Armbar From Behind
When engaged with an opponent, the back mount position will always provide security and dominance in the fight. the opponent has not real offensive options and can only try to avoid submissions and strikes or try to slip through your grasp. This armbar setup can be good during either one of these situations. It is a quick and powerful submission that can surprise the opponent from the back mount.
This armbar set-up was seen in the Palhares Vs. Salaverry fight where Palhares caught his opponent in this submission with, what apeared to be, flawless technique. He makes it look easy in the video below but this is a more advanced Brazilian Jiu-Jitsu move that takes much practice to use in a real match. With that said HERE is a link to a page with some information of the back mount position in general.
Setting Up the Armbar
Of course to start this submission you must first choose an arm to attack, for clarity’s sake lets say you decide to attack the opponent’s left arm. From a good back mount your left arm should be under the opponent’s left and your right arm should be over his right shoulder locking the opponent in position.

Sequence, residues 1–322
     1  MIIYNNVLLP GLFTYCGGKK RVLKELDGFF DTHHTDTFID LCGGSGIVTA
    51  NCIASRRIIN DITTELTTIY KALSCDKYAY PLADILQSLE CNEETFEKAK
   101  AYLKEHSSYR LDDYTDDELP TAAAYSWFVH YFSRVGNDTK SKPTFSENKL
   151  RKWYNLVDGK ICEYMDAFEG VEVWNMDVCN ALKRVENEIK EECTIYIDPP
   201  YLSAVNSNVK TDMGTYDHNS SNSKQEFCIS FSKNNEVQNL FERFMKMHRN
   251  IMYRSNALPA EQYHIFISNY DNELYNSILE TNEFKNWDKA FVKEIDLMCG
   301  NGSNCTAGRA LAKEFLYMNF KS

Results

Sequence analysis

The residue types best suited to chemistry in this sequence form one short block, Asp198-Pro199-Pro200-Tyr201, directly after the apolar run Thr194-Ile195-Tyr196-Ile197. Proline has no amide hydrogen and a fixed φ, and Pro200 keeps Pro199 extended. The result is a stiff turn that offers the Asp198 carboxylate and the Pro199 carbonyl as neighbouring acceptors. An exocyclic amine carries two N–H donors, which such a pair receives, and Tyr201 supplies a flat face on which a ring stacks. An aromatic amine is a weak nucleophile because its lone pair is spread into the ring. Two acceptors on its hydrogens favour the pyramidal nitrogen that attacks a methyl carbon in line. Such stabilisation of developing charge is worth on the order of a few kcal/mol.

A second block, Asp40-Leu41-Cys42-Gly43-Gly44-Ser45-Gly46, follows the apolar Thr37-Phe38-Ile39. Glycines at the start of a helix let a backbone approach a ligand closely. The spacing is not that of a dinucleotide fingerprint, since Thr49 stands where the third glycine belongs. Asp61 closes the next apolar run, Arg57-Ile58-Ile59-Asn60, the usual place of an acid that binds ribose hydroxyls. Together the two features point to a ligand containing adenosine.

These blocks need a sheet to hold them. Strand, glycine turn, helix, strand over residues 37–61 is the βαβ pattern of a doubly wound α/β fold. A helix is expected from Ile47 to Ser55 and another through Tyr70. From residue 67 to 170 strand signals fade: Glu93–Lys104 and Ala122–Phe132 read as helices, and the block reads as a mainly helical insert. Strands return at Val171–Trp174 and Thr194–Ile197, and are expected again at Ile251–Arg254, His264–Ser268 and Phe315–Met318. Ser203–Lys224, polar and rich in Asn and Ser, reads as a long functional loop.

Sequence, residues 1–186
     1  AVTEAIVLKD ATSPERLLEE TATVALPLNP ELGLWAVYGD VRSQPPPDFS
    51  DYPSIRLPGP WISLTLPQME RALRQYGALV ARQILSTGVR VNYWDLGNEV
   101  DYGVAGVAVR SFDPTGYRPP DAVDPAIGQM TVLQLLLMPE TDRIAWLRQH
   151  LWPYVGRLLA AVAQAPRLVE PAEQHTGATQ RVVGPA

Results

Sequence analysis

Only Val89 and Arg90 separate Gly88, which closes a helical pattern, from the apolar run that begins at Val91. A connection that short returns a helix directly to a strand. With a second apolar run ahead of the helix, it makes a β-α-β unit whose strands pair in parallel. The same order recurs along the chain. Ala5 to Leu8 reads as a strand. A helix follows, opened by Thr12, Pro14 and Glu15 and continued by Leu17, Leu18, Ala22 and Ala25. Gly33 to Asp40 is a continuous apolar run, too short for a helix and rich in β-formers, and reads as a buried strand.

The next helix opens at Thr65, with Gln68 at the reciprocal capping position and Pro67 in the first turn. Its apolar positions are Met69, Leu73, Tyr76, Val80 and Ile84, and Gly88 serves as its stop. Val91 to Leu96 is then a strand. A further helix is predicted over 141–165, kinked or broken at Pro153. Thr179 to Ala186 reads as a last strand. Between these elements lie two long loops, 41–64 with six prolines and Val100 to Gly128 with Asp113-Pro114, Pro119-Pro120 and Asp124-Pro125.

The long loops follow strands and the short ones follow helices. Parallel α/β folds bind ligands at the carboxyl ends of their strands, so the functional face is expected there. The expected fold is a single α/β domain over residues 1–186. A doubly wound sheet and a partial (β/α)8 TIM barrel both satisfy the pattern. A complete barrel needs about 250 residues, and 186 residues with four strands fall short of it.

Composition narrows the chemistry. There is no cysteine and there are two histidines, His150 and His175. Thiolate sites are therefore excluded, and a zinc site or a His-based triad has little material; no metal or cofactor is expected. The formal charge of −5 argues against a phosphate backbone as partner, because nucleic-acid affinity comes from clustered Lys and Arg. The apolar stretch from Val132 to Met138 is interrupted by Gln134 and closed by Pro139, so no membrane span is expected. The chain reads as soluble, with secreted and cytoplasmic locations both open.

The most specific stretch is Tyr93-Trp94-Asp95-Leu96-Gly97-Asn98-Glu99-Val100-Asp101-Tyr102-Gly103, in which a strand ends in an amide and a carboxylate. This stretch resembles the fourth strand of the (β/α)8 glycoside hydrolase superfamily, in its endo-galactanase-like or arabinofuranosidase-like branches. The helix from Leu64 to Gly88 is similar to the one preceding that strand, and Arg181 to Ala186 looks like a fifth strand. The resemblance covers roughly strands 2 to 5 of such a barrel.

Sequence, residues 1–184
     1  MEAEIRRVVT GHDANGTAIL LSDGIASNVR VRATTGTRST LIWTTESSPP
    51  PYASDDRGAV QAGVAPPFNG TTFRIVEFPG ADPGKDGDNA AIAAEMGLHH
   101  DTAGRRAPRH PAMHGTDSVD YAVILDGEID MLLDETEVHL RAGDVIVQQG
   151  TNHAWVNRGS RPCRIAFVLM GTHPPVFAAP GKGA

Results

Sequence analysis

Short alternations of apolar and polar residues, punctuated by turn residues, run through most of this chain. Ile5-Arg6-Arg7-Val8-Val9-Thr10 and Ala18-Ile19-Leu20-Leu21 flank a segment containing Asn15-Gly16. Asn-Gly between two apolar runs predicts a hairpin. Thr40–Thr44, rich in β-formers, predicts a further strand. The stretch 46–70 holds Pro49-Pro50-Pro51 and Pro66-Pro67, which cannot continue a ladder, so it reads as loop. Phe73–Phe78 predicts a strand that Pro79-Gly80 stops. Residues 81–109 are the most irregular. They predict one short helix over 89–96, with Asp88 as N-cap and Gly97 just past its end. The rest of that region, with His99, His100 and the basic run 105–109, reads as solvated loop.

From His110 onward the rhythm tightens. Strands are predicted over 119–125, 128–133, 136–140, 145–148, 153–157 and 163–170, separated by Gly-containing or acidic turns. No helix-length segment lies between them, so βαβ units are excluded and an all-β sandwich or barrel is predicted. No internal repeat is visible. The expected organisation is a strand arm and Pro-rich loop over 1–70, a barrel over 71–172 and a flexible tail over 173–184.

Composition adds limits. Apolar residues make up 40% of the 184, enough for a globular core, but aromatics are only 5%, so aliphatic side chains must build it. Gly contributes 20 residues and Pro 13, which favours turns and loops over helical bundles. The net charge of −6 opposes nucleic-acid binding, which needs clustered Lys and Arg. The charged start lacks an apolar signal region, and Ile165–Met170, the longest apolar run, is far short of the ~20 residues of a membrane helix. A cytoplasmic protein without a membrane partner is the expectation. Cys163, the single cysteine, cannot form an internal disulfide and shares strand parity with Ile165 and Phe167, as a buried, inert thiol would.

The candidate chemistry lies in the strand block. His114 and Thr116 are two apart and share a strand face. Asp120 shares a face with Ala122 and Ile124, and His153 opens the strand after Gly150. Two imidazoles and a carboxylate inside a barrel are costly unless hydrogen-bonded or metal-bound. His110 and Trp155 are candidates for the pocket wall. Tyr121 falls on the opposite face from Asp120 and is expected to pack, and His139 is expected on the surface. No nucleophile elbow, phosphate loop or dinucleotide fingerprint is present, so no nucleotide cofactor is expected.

Now the right arm is removed and put on the left side of the opponent’s head and takes control of the opponent’s left wrist. Your left arm now reaches up from underneath the opponent’s arm, grabbing your wrist. This completes a Kimura grip, giving you control of the opponent’s arm.
To complete the submission your body needs to shift to the side of the arm that is being attacked so that the whole body can put force on it. To do this your legs need to shift first. The leg on the side of the arm that is being attacked is passed across the opponent’s waist. The other leg is swung behind the opponent, over his head, and placed across his chest to secure him.
Finishing this submission is a piece of cake once you get the opponent on his back, it is getting him there successfully that is the challenge. To complete this submission there is a lot of shitting of position happening. Experience in BJJ and the back mount position help with that exponentially because of the sly and speedy change of position needed to avoid a counter.
The time where you shift from his back to the final armbar position is when your opponent is most likely to weasel his way out of the submission attempt. To avoid this speed can make the opponent not realize what happening until its too late if he is not very experienced. Also The leg that is placed across his chest needs to be placed there and stamped down with force to secure the opponent. By using this leg to pin the opponent to the ground it eliminates the possibility of him rolling into you to avoid the submission.
From here the legs hold the opponents upper body to the ground while your arms hold his arm to your chest/upper body. The hips are raised up hyper extending the elbow and causing excruciating pain.
Below is a video explaining the technique from start to finish.